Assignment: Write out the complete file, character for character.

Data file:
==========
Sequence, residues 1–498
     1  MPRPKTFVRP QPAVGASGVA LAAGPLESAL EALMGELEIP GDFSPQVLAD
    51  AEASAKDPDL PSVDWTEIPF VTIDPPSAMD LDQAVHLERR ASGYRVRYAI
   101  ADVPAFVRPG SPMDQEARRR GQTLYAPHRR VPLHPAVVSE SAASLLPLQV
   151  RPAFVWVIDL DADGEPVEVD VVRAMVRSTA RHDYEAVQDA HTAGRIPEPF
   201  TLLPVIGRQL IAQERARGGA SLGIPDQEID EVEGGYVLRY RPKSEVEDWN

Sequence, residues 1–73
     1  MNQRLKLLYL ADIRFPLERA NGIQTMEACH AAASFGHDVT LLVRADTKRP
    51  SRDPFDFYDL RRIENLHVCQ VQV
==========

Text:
Sequence, residues 1–498
     1  MPRPKTFVRP QPAVGASGVA LAAGPLESAL EALMGELEIP GDFSPQVLAD
    51  AEASAKDPDL PSVDWTEIPF VTIDPPSAMD LDQAVHLERR ASGYRVRYAI
   101  ADVPAFVRPG SPMDQEARRR GQTLYAPHRR VPLHPAVVSE SAASLLPLQV
   151  RPAFVWVIDL DADGEPVEVD VVRAMVRSTA RHDYEAVQDA HTAGRIPEPF
   201  TLLPVIGRQL IAQERARGGA SLGIPDQEID EVEGGYVLRY RPKSEVEDWN

Sequence, residues 1–73
     1  MNQRLKLLYL ADIRFPLERA NGIQTMEACH AAASFGHDVT LLVRADTKRP
    51  SRDPFDFYDL RRIENLHVCQ VQV